Alright, so by now you might be guessing that I do not advocate any special diet or exercise plan. In fact, I hardly want to say go exercise. What I do advocate is stepping back and looking at the way your life is structured and figuring out how you can turn things you know are good for you (and maybe feel guilty about not doing) into regular parts of your life.
Let’s use myself as an example, I am a big guy (about 90 kilos or 200 lbs and 5’10”) and would be classified as overweight by BMI standards. I don’t care because I am pretty healthy despite what BMI says. I used to weigh in at 230 lbs back in first year university so things were worse. By no means did I ever consider myself crazy obese or anything (and I don’t really care about that label anyhow) but I wasn’t the fittest fiddle either because I knew I lived a very sedentary life. What happened to change all of that? A few things changed, #1 I got back to Judo. Now I posted about Judo before but I have a childhood link to judo and a club that is great. I never view judo as a means for exercise, and I go very regularly. #2 I decided that vegetables and fruits would become the dominant food group in my regular life. This was much harder than just going to judo as I do love meat but I eat as close to my 8-10 servings of fruit and vegetables a day. I had to convince myself that this is the normal food that I will eat and after a while it became normal and expected.
In order for you or someone you know get healthy in a significant way, they have to be fully convinced that the new healthier way is the new normal way. Otherwise, they will just slip back into the old sedentary way. Address the mind first and the body will follow.
Note: I actually try to meet the food pyramid (it’s tough but it’s a good guide).
Personal Trainer – Cooking March 30, 2010Posted by huymix in Food, Videogames.
Tags: Apple Crumble, baking, Brownies, cooking, Nintendo, Nintendo DS, Personal trainer: cooking, Sticky Toffee Pudding
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- The recipes are actually pretty good. I’ve made brownies, apple crumble and sticky toffee pudding based on the recipe in Personal Trainer: Cooking and they all turned out pretty good.
- It has recipes, step-by-step instructions, videos, shopping lists and calculator all in one. Anything you would need to know about a particular recipe is contained in the software.
- It’s funny to reference the recipe to a game. So I’ve given out tons of food based on the software and it’s always fun to say I got the recipe from my DS.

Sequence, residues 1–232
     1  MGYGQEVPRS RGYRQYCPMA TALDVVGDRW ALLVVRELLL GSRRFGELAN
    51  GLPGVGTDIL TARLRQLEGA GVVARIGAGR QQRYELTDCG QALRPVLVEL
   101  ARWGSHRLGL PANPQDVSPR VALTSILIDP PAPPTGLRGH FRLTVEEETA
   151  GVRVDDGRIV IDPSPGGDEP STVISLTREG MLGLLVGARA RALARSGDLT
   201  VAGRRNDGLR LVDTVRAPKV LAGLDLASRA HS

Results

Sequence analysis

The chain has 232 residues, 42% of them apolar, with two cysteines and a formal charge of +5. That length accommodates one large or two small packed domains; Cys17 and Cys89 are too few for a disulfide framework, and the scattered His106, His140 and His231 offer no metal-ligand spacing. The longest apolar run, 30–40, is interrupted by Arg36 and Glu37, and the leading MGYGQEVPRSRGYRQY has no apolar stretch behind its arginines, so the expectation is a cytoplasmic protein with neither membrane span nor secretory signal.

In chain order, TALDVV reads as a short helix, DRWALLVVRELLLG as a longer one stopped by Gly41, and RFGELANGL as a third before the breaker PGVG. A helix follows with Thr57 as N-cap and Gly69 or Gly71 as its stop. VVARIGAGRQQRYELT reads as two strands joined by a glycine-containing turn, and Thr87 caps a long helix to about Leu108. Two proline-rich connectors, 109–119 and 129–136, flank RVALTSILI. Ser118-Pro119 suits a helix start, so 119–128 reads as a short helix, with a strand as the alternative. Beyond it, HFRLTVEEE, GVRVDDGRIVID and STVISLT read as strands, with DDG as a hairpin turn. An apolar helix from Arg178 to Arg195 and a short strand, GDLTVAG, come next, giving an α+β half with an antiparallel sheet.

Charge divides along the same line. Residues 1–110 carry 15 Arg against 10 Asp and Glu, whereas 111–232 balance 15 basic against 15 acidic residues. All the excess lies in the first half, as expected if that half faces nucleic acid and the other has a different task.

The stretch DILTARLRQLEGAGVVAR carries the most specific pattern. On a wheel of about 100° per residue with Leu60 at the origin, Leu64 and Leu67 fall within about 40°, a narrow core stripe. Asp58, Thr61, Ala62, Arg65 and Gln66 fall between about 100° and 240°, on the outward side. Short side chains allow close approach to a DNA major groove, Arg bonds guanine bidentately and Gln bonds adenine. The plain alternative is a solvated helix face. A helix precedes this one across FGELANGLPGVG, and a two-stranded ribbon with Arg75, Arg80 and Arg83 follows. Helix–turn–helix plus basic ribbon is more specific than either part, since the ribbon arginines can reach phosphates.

I used Personal Trainer: Cooking to help get me more comfortable in the kitchen and it has really helped out. Normally, recipes do not go into such detail so it’s nice for a novice like me.
The Toronto Raptors March 25, 2010Posted by huymix in Sports.
Tags: Air Canada Centre, Andrea Bargnani, Antoine Wright, Bryan Colangelo, Chris Bosh, Demar Derozen, Hedo Turkglu, Jarrett Jack, Jose Calderon, Marcus Banks, MLSE, Raptors, Rasho Nesterovic, Reggie Evans, Sonny Weems, Toronto
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I’m a big Toronto Raptors fan and have been following them since my first year of university. I’ve been through the highs (Atlantic Division Champions) and the lows (drafting Araujo, the whole Vince Carter trade). If you are not following the Raptors as an existing fan, I cannot recommend following the Toronto Raptors this year because:
- Effort. They do not play with a consistent level of effort. They tend to play to the level of their opponent. The problem is if that opponent raises their effort after the half, the Raps do not tend to rise with them. It’s all very frustrating.
- Chris Bosh. He’s great, but why start watching him now and like the guy only to have him sign somewhere else in the summer? Let’s face it, no matter how great a city Toronto is, America does not cover games here and does not care to. They would rather watch some high school football over a Raptor’s playoff game. This lack of exposure and respect for Toronto pretty much means Bosh is out of here.
- The Jays are looking pretty good. Young but good. The thing about the Raptors is that they seem to be a low-level Phoenix Suns and have hit a ceiling. I do not think that this group of people can ever play at a championship level. Maybe individually, but not as a team. The team’s potential is at best a second-round exit.